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Anna Collette: Dark Landscapes & Steven B. Smith: The Weather and a Place to Live

Sasha Wolf Gallery
10 Leonard Street, 212-925-0025
Tribeca / Downtown
November 12, 2009 - January 9, 2010
Reception: Thursday, November 12, 6 - 8 PM
Web Site

Sasha Wolf Gallery is please to announce a two-person show of photographs by Anna Collette and Steven B. Smith.

Anna Collette is a photographer who explores conflicted notions of the contemporary landscape. Her first photographic project commenced in 2002 as a series depicting urban and suburban environments that focused on how the natural world—and human expectations of it—is being redefined, both visually and metaphorically, by the failed idealism of increasing development.

Collette’s most recent work, Dark Landscapes, portrays a forest at nightfall during winter. In this new series, Collette capitalizes on photography’s capacity for creating a world that is transcendent instead of merely literal. The process involves exposing the negatives so that each image is barely perceptible to the human eye; she then uses a scanner to read and render the negatives perfectly, revealing an impenetrable, tangled, and forbidding realm. As beautiful as these photographs are, they also force us to see these forests as full of menace and mystery—where danger and wonder meet.

Steven B. Smith is a photographer whose work chronicles the transition of the dramatic and formidable Western landscape into a kind of tamed and caged suburbia. The photographs depict what has become derisively referred to as suburban sprawl, but they also reveal Smith’s conflicted feelings about development in the West in general. Many are simultaneously funny and bleak, the byproduct perhaps of a native’s (Smith was born and raised in Utah) affection for and identification with the area. How the people who dwell in these spaces make use of them and incorporate them into their habitats is Smith’s singular preoccupation.

As Maria Morris Hambourg noted in her introductory essay to Smith’s book of this work, “Poet James McMichael observed the same commercial and geographic devolution in the Pasadena area earlier in the twentieth century. Of this process, in Four Good Things (1980), McMichael concluded dryly: “What they were selling was the weather and a place to live, and that was what was left.”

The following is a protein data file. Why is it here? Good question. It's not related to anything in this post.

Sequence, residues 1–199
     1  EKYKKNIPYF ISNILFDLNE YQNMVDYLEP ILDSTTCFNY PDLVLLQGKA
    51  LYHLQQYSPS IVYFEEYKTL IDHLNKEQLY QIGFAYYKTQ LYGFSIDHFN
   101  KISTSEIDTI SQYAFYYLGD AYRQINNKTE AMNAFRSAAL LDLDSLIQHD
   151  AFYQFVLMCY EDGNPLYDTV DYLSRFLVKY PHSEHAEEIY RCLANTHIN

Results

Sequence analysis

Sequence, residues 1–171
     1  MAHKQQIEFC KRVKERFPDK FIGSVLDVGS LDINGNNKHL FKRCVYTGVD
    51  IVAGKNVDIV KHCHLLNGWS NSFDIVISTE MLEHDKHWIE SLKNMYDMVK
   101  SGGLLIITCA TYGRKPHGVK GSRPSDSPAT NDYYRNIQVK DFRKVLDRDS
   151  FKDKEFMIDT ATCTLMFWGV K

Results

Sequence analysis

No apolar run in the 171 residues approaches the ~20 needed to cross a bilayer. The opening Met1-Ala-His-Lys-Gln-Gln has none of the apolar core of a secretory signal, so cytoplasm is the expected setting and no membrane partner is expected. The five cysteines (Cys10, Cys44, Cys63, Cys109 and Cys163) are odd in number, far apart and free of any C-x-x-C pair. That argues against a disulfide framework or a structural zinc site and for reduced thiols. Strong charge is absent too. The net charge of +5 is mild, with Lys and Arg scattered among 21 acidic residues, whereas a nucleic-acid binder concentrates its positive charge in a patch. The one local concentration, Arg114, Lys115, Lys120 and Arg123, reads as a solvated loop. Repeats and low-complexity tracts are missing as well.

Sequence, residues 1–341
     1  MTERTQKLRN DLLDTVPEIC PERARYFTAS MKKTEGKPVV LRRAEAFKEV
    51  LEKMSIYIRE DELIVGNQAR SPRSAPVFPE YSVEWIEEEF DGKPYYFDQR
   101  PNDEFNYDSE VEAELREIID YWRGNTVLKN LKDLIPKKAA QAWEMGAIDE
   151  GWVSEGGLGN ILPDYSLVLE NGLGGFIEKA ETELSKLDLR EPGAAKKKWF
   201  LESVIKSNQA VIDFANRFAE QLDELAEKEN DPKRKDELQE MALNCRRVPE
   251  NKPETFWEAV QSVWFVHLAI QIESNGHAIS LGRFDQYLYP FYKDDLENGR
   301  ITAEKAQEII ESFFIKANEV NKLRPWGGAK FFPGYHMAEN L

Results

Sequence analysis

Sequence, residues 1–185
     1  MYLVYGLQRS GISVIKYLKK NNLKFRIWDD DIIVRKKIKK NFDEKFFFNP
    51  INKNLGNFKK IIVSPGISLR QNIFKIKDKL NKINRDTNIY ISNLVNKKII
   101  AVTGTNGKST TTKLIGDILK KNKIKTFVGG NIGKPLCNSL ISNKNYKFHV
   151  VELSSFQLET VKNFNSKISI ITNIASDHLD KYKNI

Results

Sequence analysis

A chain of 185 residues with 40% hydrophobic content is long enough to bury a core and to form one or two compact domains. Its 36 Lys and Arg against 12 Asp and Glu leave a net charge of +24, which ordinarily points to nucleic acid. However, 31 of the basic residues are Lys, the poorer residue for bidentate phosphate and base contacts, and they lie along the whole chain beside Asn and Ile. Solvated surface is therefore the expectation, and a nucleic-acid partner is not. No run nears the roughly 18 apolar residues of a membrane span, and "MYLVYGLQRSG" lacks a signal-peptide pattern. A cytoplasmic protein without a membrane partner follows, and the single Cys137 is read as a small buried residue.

Anna Collette was born in Massachusetts. She received her BFA from the Massachusetts College of Art and her MFA from Yale University. She teaches photography at Purchase College, SUNY, and lives in New York City.

Steven B. Smith was awarded the First Book Prize for Photography by the Honickman Foundation and the Center for Documentary Studies at Duke University for his book The Weather and a Place to Live: Photographs of the Suburban West published by Duke University Press (2005). He has received Guggenheim and Aaron Siskind Fellowships. His work has been widely exhibited and can be found in many public collections, including the Museum of Modern Art and the Metropolitan Museum of Art. Smith received his BFA from Utah State University and his MFA from the Yale School of Art. He has taught photography at Yale and Brown University and currently lives in Barrington, RI, where he teaches in the photography department at Rhode Island School of Design.
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